In the early 1950s, Janco arrived at Ein Hod, a deserted Arab village on the slopes of Mt. Carmel. Impressed by its beauty and historic significance, he committed himself to find a way to restore the site. After failing in his attempts to attract investors for a hotel or settle new immigrants there, he returned to his dream of an artists’ colony, similar to the model he had proposed for Jaffa. Advertising in the organs of the painters’ associations, he invited artists to join him in the project. In 1953, Janco and the first group of artists set to work to restore the ruins, taking care to preserve the characteristics of the local stone architecture and remain true to the original.
Indeed, the protocol of a meeting of the Ein Hod Development Committee from 1960 reads: “Any planning or construction in the village and all development activities shall be undertaken with maximum regard for the preservation of the physical character of the village itself and its surroundings.” Over time, Ein Hod became a model of holistic preservation, relating to the whole of the surrounding space and not merely to a particular historic monument or a singular representation of culture. In view of the current popularity of the term “multidisciplinary,” Janco’s approach to preservation was clearly way ahead of its time.
Janco’s studio, situated in an old Arab house with stone arches, was also restored with meticulous attention to maintaining the character of the original. Even so, in his own home he could not resist the temptation to set a huge window with a modernist grid high up on the northern wall. The combination of the carefully preserved Arab building and the modernist window perfectly typifies the contrast between Janco’s innovative nature as an artist and his conservative approach to historic sites.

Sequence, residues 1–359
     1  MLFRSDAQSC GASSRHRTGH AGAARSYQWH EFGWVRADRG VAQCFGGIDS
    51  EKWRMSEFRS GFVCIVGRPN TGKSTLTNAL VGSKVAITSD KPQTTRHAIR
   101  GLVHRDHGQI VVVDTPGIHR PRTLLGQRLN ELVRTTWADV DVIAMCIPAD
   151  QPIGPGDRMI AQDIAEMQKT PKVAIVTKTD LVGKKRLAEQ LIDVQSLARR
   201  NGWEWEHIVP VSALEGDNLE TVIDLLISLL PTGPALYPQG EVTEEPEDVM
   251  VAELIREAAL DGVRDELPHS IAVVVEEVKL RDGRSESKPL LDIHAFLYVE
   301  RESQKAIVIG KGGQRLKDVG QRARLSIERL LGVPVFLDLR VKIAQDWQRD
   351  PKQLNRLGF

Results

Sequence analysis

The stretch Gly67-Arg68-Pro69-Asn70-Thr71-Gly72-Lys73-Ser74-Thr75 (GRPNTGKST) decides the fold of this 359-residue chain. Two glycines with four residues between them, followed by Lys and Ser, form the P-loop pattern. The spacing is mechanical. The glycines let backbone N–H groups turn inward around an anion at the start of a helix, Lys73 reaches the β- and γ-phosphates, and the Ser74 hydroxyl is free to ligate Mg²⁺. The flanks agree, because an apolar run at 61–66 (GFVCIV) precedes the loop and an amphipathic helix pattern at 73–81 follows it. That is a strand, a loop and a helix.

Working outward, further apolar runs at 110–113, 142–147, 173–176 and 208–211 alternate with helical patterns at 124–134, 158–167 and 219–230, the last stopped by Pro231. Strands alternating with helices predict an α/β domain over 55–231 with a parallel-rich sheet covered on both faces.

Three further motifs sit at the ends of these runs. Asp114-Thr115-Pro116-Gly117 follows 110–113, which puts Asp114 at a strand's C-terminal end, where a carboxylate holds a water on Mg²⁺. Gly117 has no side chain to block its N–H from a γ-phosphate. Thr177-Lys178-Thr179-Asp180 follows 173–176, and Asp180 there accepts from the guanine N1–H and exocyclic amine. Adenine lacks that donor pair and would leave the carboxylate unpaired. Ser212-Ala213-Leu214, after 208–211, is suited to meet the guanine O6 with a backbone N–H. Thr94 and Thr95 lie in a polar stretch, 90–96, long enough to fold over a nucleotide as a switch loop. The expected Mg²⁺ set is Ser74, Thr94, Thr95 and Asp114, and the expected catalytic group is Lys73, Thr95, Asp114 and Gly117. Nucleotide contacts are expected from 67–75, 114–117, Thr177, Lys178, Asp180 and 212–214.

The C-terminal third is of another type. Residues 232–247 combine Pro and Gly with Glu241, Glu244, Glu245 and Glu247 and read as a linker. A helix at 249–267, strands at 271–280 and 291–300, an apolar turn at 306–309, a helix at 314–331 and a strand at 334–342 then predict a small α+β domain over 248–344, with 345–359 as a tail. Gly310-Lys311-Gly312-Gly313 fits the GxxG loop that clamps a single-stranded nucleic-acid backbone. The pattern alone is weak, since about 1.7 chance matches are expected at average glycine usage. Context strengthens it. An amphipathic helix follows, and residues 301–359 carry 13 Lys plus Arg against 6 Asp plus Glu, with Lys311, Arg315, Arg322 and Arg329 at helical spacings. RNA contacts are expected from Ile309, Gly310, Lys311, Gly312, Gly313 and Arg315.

In other ways as well, Janco sought to give the village a special quality. Faithful to the Constructivist spirit, he believed artists should not only support themselves by their talent, creating art for art’s sake in their studio, but should also foster other artistic endeavors. With the idea of integrating the arts very close to his heart, he sought to promote the model of the “artisan-artist.” He established this model in Ein Hod in the hope of combining high and applied art in a manner that would ultimately produce a unique Israeli folk art. For him, craftsmanship was the starting point for art, and its integration into architecture was at the foundation of his ideology. He encouraged the Ein Hod artists to paint on the walls of their homes and studios, on public buildings, and particularly on the restaurant, setting up a “painting roster” for that purpose. Each year, one artist was responsible for decorating the walls of the restaurant. The result was left on view for a certain period of time, and then it was whitewashed over and another artist set to work.
The walls of Janco’s studio were also covered in paintings and decorations typical of the artist’s work, including sinuous blue forms, nude courtesans, a bird with the letters “DADA” below, compositions, geometric shapes, and so on. Due to problems of damp typical of stone buildings, over the years plaster repairs of the inner walls were done with cement and most of the paintings were ruined. Some of them came to light during the reconstruction work on the studio, and underwent painstaking restoration and preservation at the expert hands of Shai Farkash and Eli Shealtiel.